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Poles Eagerly Traveling West Without Visas

April 8, 1991

FRANKFURT AN DER ODER, Germany (AP) _ Zbyslaw Andruszkiewicz said he had a terrible headache from waiting all night, but the chance to travel freely into Germany was a dream come true for the Polish visitor.

″This is one world. People must make trips to the whole world,″ said Andruszkiewicz, who was on his way today to see his cousin in Berlin.

″This is very good. This is normal.″

Six Western European countries - Germany, France, Italy, the Netherlands, Belgium and Luxembourg - today dropped visa requirements for Polish tourists. It was the first visa-free travel to most of the countries since World War II.

While many of the Poles were heading as fast as they could to the well- stocked stores in Berlin, others like Andruszkiewicz said they just wanted to see relatives in the West.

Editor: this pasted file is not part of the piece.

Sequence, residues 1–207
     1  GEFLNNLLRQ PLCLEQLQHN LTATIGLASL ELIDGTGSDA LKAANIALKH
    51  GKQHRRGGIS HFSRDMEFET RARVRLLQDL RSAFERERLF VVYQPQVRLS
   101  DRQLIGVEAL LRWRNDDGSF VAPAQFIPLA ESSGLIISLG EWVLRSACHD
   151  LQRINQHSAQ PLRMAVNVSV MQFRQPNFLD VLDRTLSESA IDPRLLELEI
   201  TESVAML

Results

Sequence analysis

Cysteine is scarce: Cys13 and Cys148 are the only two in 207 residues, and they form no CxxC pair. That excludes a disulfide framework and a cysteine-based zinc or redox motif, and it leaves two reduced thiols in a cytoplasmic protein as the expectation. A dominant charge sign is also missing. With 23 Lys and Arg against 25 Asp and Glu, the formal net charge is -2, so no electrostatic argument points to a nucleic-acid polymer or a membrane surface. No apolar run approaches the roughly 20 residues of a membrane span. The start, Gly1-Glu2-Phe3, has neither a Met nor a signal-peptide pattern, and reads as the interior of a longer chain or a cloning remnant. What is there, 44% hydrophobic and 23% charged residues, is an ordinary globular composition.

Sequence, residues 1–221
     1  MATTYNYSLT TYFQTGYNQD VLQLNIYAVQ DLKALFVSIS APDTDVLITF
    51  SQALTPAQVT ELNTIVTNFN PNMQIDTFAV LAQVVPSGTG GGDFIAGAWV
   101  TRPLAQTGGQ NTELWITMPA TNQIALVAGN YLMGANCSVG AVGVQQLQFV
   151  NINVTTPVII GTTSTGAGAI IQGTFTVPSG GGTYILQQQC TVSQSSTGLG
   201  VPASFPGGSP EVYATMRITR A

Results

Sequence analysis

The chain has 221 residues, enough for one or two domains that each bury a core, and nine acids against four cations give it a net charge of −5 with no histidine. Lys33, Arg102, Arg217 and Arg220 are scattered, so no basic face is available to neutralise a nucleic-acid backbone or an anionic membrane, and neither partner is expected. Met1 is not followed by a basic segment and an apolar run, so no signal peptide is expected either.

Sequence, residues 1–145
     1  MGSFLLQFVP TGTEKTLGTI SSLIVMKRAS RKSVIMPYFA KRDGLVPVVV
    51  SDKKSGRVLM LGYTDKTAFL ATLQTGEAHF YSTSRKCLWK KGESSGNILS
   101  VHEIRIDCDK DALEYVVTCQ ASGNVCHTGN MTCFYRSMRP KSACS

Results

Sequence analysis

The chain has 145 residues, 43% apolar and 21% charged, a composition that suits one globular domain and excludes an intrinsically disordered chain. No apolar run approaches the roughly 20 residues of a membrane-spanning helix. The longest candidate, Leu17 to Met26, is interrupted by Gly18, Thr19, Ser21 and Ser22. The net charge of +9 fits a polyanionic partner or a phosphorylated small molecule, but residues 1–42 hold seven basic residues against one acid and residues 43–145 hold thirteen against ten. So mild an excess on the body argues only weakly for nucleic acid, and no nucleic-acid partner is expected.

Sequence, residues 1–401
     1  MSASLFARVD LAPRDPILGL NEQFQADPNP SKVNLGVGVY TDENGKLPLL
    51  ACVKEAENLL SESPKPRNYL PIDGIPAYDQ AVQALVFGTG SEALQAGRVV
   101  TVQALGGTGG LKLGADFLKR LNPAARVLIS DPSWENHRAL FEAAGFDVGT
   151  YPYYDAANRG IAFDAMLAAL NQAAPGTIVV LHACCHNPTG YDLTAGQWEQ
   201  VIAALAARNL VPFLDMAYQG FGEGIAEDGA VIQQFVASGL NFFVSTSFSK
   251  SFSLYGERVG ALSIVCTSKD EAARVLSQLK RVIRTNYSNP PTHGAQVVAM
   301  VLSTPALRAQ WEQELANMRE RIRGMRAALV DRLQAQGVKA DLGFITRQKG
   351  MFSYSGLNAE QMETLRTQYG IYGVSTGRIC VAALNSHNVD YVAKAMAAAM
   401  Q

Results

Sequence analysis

Andruszkiewicz said he, his wife and their daughter had waited all night in a long line of cars before entering Germany.

He arrived in Frankfurt an der Oder, a border city where rightist extremists rallied to try to keep the Poles out. About 250 of the protesters clashed with police and stoned a bus carrying Poles back from the Netherlands.

Germany’s ARD television estimated that 50,000 Poles had crossed the border by noon.

One busload of 40 men from Lublin was headed to the Netherlands on a car- buying expedition.

Edward Kozak said it was ″very expensive″ to buy a new Polonaise car made in his own country, and the wait could be up to five years.

″European cars are much better. I’m looking for a medium-size, four-door car,″ Kozak said with a smile.

Another car shopper, Georg Wisnewski, from Lublin, said: ″We have a lot of money. Everybody is buying a car.″

Some Poles crossing the border already were driving Western European or Japanese cars that they had bought on previous trips.

After the early morning melee, there were extra police in Frankfurt, just across the Oder river from the Polish town of Slubice.

A team of local residents from Frankfurt an der Oder handed out information and a welcoming letter from Manfred Stolpe, the local state governor.

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